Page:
EQ is a godsend. It can save your music, it can save your sound. Recordings that sound terrible can be fixed with EQ. Remove higher mids and turn a shrill sounding guitar in a nice sounding one, suppress the lows or make them sound fatter, anyway: you can fix that sound with EQ.
And let’s not forget the people with a hearing aid. It is the EQ fix that gives them back their (often only partially) hearing.
My jaw dropped
For years there has been much debate among sound boys and girls about what the best EQ is. The Pultec (expensive) is often cited. And there’s discussion on linear phase versus minimum phase. And what about the statement ‘All Digital Parametric EQs are the same’ (see ericbeam.com/?p=361)?
Recently I came across a modeled version of the Mäag EQ. I was not familiair with the concept and decided to try out the RE3Q Six-band equalizer for Reason. It is a software-based version developed by the Russian company Red Rock Sound.
My mouth fell open. What I heard was the most natural sounding EQ ever! What a godsend! This is joy! The problems most EQ’s have, the phasing trouble for example, seems to be none existent in this unit. How can this be!?!?!
One of the problems with EQ is phasing. A parametric EQ generates a negative/positive phase which is the opposite to the frequency range which is boosted or cut. This is called minmal phase.
The answer to this is the lineair phase EQ, which does not generate the phase issues. But lineair phase EQ is not perfect either, it has its own disadvantages. In the video below the difference between the two immaculate are explained perfectly.
The video above furthermore reaffirms also that an EQ which uses the most CPU power may not be the best sounding one. Many people make the mistake in thinking that ‘a higher number means better sound’. You see it in sample rate and bit rate discussions as well. Most people do not listen with their ears but with their eyes and brains, I would say 🙂
The magic of Mäag
Mäag has invented a whole new concept. A concept that, although I cannot completely understand it (the concept is too new for me), is based on a number of carefully chosen bandpass filters with frequency bands which are overlapping. The result is amazing: almost no phase problems are generated!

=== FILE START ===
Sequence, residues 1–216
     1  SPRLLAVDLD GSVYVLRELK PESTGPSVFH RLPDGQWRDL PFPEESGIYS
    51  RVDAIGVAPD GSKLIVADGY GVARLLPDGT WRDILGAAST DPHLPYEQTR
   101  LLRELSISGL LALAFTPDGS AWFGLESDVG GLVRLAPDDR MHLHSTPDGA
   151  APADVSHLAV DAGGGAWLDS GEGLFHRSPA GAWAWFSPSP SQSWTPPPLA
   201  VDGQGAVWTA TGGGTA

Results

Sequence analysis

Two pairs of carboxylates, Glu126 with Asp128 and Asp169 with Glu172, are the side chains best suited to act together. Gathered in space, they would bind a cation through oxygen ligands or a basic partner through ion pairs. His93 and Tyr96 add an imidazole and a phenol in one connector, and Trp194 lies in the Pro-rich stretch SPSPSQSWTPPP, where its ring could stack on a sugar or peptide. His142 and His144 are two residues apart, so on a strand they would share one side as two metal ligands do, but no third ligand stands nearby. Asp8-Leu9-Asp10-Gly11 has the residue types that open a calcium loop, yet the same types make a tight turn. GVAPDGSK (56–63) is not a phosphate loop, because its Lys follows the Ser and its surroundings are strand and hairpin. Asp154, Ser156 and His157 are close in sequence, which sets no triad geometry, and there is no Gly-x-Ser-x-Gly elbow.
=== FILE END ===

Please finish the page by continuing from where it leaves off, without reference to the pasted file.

It works wonderful on voices. Bad EQ on a voice can be recognised quickly. I hear it constantly. And yes, I have made these mistakes myself as well over the years. You first need to make mistakes before you can learn anything. And you need to make these mistakes yourself, this is the best training. It’s all a matter of using the wrong microphones positioned incorrectly and using the wrong EQ settings. What you then get to hear is a voice that phases like crazy. Often even including peak resonances at certain irritating frequencies.
Sometimes I hear it in a sigh of a voice: weird phasing. Breathing that sounds like someone takes a deep breath using a tube. And often I hear voices that boost the nasal sound instead of suppressing nasality. Comb filtering and that kind of annoying sound. In short: voices that sound unnatural, not ‘open’.
With trained ears, especially on acoustic instruments, you can easily detect something that doesn’t sound natural.
Learning how to use EQ has taken me many years. And I am still learning new things almost everyday. The goal, especially for speech and singing, is to make it sound as natural as possible. If done right, the clarity has increased. Optimising the voice with a microphone, changing the characteristics through the use of EQ and applying compression, it is a true art form.
Manufacturers of hearing aids pay attention!